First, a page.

Senegal partners

by Amy Olson

An agreement between the University and the government of Senegal could have Senegalese scientists studying at the University just in time for the semester conversion.
University officials reached an agreement with the government of Senegal in July to develop a joint graduate education program called Le SÇnÇgal Agricole, allowing students from Senegal to get advanced training at the University with agricultural and environmental scientists.
The program, which is modeled after a 30-year program with Morocco, will also assist Senegal in creating a program for rural economic development. The research of the Moroccan program’s 370 graduates has helped the country develop.
Three Senegalese government officials, including Ambassador Mamadou Mansour Seck and first counsel Seynabou Diop Ly, will leave today after a five-day visit.
Secretary-General Fode Seck of Senegal’s Ministry of Foreign Affairs said he came to Minnesota with an invitation from Abdou Diouf, Senegal’s president, for University President Mark Yudof and the deans of the College of Natural Resources and the College of Agricultural, Food and Environmental Sciences to visit.
John Vreyens, training coordinator in the University’s International Agriculture Program, said he and other University officials hope to visit Senegal during the country’s second national agriculture day on Feb. 14.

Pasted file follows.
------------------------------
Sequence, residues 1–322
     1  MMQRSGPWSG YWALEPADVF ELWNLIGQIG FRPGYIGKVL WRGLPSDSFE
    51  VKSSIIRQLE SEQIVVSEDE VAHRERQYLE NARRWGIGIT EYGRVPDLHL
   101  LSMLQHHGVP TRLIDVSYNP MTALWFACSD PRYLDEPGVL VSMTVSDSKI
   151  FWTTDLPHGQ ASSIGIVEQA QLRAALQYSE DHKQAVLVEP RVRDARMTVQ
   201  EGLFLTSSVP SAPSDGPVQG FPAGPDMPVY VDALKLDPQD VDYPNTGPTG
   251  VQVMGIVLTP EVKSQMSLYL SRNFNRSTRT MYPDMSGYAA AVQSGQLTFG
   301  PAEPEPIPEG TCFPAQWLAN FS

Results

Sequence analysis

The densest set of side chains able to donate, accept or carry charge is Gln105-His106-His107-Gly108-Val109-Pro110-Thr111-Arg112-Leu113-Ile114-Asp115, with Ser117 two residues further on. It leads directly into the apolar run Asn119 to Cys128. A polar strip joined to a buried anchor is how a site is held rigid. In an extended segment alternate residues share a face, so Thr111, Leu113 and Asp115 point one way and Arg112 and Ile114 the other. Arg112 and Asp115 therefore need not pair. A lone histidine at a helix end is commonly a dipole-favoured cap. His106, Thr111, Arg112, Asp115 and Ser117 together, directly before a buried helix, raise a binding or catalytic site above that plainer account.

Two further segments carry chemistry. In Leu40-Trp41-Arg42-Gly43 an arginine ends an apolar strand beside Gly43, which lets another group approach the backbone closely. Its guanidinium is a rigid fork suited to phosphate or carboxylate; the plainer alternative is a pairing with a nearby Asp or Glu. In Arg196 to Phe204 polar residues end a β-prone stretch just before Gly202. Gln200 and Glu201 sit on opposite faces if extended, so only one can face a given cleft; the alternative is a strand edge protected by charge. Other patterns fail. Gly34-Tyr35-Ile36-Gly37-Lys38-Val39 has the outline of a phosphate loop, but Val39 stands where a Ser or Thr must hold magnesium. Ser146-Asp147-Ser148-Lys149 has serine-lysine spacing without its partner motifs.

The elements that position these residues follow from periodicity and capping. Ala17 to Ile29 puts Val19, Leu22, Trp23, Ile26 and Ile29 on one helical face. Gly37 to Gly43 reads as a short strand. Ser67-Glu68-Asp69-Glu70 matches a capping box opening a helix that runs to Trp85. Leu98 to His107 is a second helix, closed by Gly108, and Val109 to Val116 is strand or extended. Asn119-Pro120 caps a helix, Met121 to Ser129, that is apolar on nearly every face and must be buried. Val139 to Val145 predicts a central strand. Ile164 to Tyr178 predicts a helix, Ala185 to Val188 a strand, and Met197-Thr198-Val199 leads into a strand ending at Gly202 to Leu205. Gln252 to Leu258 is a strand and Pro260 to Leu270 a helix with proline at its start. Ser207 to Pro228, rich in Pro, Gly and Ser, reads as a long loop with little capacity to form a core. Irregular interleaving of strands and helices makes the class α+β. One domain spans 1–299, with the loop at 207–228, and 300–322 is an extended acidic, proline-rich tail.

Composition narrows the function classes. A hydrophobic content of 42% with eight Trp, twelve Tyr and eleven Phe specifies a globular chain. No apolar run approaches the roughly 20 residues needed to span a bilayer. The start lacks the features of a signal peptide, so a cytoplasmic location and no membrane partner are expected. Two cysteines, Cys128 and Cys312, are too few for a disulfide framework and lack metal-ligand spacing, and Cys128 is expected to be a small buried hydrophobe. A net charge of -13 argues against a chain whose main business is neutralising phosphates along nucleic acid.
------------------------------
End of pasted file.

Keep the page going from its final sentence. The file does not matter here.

But Fode Seck, who is second in command of the country’s foreign ministry — the equivalent of a deputy secretary of state — said his government would welcome the University entourage much sooner.
“We are ready to receive him even today,” Fode Seck said.
Senegalese students would study both sciences and humanities at the University. After earning a master’s or doctorate degree, the students would return to Senegal to teach others while conducting research at the same time.
University professor Ronald McCurdy, who is chairman of the Afro-American and African studies department, said his department will be involved to provide an interdisciplinary approach.
“Madam Ly told us culture is the DNA of her people,” McCurdy said.
In addition to teaching Senegalese students at the University, the plans include exchanges between University faculty, who would go to Senegal to advise scientists. Fode Seck said he hopes to draw on the experience of the University’s professors in agriculture, who are known the world over for their expertise.
“We want to borrow from that experience,” Fode Seck said.
The official talks began in March when Senegalese officials invited University administrators to visit. The agreement was signed on July 10, and Yudof announced the University’s two colleges would contribute $100,000 to fund masters-level assistanceships for five Senegalese students.
Steve Clarke, director of the International Agriculture Program, said the Senegalese government officials are hoping to receive funding from the World Bank; the University will help Senegal write the proposal requesting funding.